After seeing the brilliant French wartime drama Farewell Mr Haffmann I was looking forward to more of the same with the British true story Operation Mincemeat. Regular readers will be familiar with my fondness for true stories and my mantra that the Brits do This Kind of Thing better than anyone but in this case I have to say the French film is superior.
Operation Mincemeat tells the true story of how the Brits used a corpse with a fake identity to fool the German high command into thinking the 1943 allied invasion of Europe would start in Greece rather than in Sicily which would have been the more obvious choice. Despite the many possible slips betwixt cup and lip, it worked. Even weeks after the allied landings had begun in Sicily, the Germans continued to prepare for an invasion of Greece. It’s said to have been the most successful wartime deception in history.
It’s a terrific story with many fascinating elements. They had to find a living man who resembled the dead one sufficiently that his photograph would pass muster as being the same person. They had to find a young woman willing to be photographed for the part of his fictitious fiancee, and they had to write convincing love letters to plant on him along with the photograph and faked-up correspondence between British Generals.
Colin Firth plays Captain Ewan Montagu, one of the British naval intelligence officers who ran the op. The other one was Lieutenant Charles Cholmondeley, played by Matthew McFadyen.
The idea had first cropped up in 1939 in a memo written by Naval Intelligence chief John Godfrey (played here by Jason Isaacs), and his personal assistant, Lieutenant Commander Ian Fleming, played by poet/actor/singer Johnny Flynn. (Google him – he’s got the most fascinating CV.) It’s long been part of wartime and Bond folklore that the whole crazy idea was Fleming’s invention.
And it was crazy. So many things could go wrong. Would the body – in reality that of a homeless alcoholic Welshman – wash up in the right spot? Would the Spaniards accept that ‘Captain Martin of the Royal Marines’ died by drowning and not from self-administered rat poison? Would they pass the material to the Germans? Would it actually get to Hitler’s desk? Would the papers still be legible after immersion in water? (This issue is raised in the movie but not answered! I’m still wondering how they did it.)
Would Cholmondeley’s bohemian, socialist-sympathising brother go blabbing to the Russians? And what should they tell the dead man’s sister, who came forward to claim her brother’s body just at the time they most needed secrecy?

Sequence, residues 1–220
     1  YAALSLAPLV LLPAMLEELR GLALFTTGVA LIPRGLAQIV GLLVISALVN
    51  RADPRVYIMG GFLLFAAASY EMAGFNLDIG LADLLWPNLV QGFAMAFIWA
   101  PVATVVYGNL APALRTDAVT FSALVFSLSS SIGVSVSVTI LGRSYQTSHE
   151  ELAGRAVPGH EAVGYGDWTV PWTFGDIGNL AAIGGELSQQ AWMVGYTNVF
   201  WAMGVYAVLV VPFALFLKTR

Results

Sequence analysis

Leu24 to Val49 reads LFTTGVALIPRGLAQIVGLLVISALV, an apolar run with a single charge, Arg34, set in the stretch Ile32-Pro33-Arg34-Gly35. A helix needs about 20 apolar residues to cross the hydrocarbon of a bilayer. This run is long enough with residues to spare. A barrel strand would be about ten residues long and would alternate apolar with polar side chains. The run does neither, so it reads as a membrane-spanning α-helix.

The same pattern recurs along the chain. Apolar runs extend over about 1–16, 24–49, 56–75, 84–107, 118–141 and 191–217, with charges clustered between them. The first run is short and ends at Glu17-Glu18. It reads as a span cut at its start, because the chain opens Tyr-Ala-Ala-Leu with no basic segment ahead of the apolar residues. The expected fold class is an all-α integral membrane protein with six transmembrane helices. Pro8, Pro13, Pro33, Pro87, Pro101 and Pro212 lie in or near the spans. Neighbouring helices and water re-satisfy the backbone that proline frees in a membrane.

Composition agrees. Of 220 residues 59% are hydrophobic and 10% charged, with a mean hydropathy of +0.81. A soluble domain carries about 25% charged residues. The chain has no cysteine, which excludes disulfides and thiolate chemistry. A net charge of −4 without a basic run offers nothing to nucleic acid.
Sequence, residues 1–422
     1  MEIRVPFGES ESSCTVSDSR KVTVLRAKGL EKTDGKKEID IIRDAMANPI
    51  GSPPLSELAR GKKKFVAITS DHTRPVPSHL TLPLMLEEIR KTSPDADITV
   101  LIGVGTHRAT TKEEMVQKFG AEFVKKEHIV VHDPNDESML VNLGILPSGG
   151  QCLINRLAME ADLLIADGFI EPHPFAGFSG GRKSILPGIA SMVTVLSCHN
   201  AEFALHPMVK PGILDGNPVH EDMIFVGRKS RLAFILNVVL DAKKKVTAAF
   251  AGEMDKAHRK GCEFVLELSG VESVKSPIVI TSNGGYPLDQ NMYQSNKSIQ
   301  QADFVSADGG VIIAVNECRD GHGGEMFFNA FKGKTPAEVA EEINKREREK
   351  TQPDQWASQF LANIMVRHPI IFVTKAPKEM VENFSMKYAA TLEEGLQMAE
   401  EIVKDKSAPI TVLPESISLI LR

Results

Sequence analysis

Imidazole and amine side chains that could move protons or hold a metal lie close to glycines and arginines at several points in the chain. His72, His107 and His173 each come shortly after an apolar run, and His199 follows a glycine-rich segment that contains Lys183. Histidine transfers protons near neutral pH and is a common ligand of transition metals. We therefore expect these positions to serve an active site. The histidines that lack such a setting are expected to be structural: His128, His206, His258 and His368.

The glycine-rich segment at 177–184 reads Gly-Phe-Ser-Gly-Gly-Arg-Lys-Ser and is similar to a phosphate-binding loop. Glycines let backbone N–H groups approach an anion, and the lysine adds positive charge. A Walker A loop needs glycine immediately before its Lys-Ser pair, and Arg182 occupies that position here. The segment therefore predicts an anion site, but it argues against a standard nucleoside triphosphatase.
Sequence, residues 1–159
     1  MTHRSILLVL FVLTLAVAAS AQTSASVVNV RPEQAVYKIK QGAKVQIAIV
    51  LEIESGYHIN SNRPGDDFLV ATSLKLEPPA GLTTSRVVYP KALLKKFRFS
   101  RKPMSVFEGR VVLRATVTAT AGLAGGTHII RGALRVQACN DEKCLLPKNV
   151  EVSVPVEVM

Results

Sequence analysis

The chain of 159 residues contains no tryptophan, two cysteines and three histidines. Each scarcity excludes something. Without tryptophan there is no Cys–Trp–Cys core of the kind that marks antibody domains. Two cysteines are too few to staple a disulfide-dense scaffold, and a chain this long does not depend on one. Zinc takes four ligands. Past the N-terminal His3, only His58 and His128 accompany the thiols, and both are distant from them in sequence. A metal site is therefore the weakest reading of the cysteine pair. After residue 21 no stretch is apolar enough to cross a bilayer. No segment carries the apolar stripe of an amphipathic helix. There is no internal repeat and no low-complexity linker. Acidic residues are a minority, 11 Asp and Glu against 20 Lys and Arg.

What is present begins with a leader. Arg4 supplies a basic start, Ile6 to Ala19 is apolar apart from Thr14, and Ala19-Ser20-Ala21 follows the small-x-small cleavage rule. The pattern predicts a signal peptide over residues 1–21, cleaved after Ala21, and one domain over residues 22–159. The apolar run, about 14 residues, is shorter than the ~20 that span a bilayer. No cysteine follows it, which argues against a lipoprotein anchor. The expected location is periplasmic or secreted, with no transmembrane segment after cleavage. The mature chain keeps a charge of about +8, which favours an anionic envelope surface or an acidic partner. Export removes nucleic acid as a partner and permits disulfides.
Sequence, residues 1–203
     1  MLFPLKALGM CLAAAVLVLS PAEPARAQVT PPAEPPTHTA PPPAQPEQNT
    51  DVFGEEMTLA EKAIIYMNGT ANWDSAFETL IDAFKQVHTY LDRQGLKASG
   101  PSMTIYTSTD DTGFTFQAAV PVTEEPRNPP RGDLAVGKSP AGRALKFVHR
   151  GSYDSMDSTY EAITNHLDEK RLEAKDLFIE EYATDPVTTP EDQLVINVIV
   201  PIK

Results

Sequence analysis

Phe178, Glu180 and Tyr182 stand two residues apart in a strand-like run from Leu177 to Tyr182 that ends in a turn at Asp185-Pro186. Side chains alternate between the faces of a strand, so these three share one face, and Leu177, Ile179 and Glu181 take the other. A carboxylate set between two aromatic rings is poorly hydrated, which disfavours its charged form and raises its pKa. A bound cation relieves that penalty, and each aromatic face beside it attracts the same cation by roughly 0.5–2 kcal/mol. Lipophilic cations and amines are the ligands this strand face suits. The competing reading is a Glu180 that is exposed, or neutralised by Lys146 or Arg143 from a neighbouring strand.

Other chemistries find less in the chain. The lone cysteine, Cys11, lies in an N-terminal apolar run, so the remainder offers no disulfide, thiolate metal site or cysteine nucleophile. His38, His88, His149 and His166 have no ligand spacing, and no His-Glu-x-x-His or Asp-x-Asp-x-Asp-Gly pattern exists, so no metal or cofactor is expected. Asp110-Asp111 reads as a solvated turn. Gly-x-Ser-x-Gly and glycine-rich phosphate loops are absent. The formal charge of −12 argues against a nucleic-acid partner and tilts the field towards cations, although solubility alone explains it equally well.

For all this promising material, it’s surprising that the movie isn’t better.
One problem is the love story. It’s quite plausible that there was sexual rivalry between Cholmondeley and Montagu over Jean Leslie (Scottish actress Kelly Macdonald), the then 19-year-old MI5 agent who volunteered her image as the fiancée of the doomed Captain Martin. It must have been an irresistible temptation for Director John Madden (Shakespeare In Love, The Best Exotic Marigold Hotel) to put it in his version of the story, but you can’t just go round besmirching the reputations of real people, (Montagu was already married, Leslie married soon after) especially not people venerated for their war service, so we’re reduced to soulful gazes between the pretty lassie and Colin Firth doing his diffident Mr Darcy shtick and it’s all a bit maudlin and unconvincing and in the end slows the movie down.
It should have been less a speculative romance and more a wartime procedural. The plan was approved by both Churchill and Eisenhower, after all. Churchill does make an appearance (he’s played by Simon Russell Beale), and his presence is never wasted in a war movie, but more could have been made of this big picture stuff.
I was keen to learn more about the true story. The movie was roughly based on the 2010 book Operation Mincemeat, by Ben MacIntyre, who’s a dab hand at spy thrillers true or false.
He had plenty of sources for this oft-told story. The first version was told by British Cabinet Minister Duff Cooper in his 1950 book Operation Heartbreak.
Then came Montagu’s personal account of the affair – The Man Who Never Was, made into a movie of the same name in 1956. This was and remains the most notable version. At the time Montagu was restricted in what he could say about the role played by British signals intelligence, and in 1977 he published Beyond Top Secret U, his wartime autobiography which gave further details of Mincemeat.
These have all been added to my list of Books To Read Before I Die.
There have even been musical versions: one by a Welsh theatre company in 2015 and largely based on the life of Glyndwr Michael, which was the dead man’s name. Another musical version was staged in 2019 at the New Diorama Theatre, London.
One version that won’t be on my list is the 2008 book The Double Agents, by W. E. B. Griffin, which depicts Operation Mincemeat as an American operation. The cheek of it!